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An interplanetary visitor circling the earth in a low-flying saucer and spotting this curious assortment of oblongs and rectangles might easily wonder, and justifiably so, what man was up to last week. As a matter of fact, earthlings may puzzle a bit, too. A few hints: the photograph was taken from an airplane circling some 200 feet above Lake Minnetonka in southern Minnesota, U.S.A. It is late in the afternoon and the temperature is around 15° below zero. Got it? Now for the answer and details, turn the page.


Ice fishing keeps on growing as one of the most popular winter sports of Minnesota, with close to half a million anglers working the state's frozen lakes last year. What you saw on the preceding page were some of the 3,000 fishing shacks that dot Lake Minnetonka, near Minneapolis. The shacks vary in size. Some hold as many as six (two fishermen, four bridge players), while smaller ones, known as "darkhouses," hold one or two. There are two recognized methods: you can dangle a line or lance the fish with a spear. Catches consist of pike, walleyes and even sunfish. Although most fishermen walk to their shacks, the ice is thick enough to hold a car. If you don't believe us, take another look at the aerial what-is-it.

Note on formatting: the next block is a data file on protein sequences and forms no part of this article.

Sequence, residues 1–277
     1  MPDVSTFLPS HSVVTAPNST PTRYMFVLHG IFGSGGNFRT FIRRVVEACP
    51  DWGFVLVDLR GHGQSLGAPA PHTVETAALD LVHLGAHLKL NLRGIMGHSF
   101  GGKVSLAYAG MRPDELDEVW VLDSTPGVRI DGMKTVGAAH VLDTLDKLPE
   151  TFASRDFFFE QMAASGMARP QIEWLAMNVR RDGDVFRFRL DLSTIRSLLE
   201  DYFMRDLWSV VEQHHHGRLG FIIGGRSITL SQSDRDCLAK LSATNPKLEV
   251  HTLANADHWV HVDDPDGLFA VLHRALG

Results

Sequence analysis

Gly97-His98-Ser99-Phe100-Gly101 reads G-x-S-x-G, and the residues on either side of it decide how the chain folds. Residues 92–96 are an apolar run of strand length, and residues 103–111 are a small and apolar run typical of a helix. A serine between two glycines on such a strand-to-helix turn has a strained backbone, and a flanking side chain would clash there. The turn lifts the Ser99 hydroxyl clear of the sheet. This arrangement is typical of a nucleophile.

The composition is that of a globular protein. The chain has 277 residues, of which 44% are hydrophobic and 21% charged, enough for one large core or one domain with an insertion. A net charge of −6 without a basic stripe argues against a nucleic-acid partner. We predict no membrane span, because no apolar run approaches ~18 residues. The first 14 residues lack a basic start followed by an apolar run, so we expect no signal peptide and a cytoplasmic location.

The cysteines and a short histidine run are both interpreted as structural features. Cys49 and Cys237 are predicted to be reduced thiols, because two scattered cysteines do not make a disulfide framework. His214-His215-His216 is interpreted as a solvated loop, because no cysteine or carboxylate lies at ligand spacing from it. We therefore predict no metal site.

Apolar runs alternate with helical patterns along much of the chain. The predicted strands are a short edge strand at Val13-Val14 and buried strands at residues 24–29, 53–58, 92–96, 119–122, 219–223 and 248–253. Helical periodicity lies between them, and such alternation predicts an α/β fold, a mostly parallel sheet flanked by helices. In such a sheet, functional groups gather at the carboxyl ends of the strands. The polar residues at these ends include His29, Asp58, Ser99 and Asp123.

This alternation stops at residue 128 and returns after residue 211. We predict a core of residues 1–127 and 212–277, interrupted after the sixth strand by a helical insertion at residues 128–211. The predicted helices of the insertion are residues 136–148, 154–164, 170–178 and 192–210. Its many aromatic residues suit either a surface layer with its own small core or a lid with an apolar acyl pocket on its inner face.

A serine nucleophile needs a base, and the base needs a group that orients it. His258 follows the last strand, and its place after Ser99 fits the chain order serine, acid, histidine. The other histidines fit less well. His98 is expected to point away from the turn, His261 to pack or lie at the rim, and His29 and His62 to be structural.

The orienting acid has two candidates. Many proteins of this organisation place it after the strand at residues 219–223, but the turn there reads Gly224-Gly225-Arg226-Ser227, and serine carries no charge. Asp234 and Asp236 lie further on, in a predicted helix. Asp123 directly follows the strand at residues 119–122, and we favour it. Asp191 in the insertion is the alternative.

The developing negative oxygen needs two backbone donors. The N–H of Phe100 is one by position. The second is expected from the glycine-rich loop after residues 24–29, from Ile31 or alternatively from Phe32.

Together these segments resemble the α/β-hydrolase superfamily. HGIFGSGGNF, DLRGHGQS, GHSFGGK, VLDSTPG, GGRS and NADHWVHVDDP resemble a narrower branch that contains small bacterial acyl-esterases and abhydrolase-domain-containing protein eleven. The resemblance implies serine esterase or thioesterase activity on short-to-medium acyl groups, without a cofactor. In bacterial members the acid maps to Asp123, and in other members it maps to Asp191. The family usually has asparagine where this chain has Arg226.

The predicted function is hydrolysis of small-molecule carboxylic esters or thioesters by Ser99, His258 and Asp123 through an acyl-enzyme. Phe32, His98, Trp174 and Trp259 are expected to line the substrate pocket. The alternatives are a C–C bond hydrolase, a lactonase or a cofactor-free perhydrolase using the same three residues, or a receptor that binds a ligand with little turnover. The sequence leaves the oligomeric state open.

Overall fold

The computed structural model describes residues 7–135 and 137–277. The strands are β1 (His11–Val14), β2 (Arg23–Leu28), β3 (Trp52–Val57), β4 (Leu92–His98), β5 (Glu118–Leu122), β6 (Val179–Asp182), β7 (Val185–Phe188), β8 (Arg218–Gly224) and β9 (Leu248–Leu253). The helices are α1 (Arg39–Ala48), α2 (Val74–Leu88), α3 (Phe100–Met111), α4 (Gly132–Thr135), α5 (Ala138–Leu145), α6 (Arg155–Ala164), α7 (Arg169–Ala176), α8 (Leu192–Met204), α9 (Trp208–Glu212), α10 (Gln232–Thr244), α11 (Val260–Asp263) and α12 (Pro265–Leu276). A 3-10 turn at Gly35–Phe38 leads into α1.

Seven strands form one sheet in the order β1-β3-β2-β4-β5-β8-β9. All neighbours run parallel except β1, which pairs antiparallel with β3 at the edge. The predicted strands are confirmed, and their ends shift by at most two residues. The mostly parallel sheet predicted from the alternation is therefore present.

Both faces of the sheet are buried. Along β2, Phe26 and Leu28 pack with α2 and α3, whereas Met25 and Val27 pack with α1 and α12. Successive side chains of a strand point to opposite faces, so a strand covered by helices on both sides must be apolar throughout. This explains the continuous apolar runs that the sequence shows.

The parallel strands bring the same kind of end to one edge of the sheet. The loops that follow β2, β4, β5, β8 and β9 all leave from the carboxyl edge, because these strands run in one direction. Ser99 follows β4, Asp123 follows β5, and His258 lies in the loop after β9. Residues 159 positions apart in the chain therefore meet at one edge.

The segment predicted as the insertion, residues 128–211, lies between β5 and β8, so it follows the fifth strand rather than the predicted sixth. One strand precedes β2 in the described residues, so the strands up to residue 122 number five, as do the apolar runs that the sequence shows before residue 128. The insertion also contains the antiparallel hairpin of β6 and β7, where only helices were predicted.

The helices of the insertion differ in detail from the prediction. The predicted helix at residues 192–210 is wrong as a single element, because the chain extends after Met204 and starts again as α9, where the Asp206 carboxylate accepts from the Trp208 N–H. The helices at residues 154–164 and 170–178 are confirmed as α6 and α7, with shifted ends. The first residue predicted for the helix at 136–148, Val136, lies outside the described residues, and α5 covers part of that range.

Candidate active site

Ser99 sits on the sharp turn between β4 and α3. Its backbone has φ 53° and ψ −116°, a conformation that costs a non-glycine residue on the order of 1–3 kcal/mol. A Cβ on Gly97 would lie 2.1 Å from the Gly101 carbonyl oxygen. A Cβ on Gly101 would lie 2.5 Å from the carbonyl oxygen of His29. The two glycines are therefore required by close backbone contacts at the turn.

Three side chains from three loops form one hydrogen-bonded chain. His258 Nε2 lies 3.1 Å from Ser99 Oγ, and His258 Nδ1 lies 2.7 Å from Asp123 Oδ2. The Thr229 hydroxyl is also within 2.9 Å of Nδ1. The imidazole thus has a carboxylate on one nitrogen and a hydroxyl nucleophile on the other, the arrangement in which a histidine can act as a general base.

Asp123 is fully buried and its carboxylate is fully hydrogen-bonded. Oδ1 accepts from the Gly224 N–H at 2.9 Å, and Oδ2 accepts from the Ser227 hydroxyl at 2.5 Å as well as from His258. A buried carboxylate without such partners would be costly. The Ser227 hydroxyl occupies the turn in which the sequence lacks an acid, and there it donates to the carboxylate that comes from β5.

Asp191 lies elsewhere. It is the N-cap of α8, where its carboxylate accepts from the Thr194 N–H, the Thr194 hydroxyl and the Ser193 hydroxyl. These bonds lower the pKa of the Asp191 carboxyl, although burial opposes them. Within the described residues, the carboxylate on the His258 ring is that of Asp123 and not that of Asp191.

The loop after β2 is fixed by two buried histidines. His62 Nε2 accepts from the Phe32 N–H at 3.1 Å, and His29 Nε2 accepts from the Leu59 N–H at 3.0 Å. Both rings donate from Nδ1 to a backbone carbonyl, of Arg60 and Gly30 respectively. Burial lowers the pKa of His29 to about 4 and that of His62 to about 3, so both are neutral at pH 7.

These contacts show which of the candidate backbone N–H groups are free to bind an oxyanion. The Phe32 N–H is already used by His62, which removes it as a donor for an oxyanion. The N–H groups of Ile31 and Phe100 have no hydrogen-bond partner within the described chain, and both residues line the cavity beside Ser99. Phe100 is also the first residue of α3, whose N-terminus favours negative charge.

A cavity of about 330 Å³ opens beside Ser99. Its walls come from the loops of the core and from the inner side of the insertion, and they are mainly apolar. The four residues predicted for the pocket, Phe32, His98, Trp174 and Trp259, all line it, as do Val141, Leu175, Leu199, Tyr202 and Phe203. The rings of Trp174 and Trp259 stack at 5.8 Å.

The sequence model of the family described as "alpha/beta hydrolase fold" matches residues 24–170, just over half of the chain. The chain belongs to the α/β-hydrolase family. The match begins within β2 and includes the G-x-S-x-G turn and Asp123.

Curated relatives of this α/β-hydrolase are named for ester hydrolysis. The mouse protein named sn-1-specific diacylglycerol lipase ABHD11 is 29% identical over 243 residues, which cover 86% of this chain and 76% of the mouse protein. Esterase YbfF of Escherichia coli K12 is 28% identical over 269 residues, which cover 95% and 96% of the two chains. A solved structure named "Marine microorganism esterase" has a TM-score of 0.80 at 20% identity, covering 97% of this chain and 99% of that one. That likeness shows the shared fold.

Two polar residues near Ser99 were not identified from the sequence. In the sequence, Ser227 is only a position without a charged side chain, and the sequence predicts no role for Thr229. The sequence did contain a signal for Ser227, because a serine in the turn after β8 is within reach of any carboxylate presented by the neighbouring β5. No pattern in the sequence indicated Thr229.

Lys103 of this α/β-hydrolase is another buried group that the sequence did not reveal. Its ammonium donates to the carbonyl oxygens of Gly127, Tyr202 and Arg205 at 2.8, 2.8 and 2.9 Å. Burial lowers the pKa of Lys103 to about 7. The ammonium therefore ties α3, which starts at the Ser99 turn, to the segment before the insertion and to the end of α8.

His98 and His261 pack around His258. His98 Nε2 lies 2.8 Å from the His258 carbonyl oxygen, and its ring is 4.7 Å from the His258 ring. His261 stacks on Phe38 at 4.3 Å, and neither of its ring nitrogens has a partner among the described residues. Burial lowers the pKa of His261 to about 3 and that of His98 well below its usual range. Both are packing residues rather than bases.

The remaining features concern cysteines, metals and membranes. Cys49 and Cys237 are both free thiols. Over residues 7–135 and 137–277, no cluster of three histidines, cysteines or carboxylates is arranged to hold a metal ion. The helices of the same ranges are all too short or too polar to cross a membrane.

Packing catch is Clint Nelson Jr., whose father owns one of lake's larger shacks.

Huddled in the warmth of their fishing shack after a long day of fishing are Mr. and Mrs. John Mohler. Their catch of walleyes lies frozen on the sled in foreground.

Gathering fish is Erv Kuschel, who rents ice fishing sheds and sells bait. Behind him is his handy snowmobile, which he uses to scurry about over the frozen lake.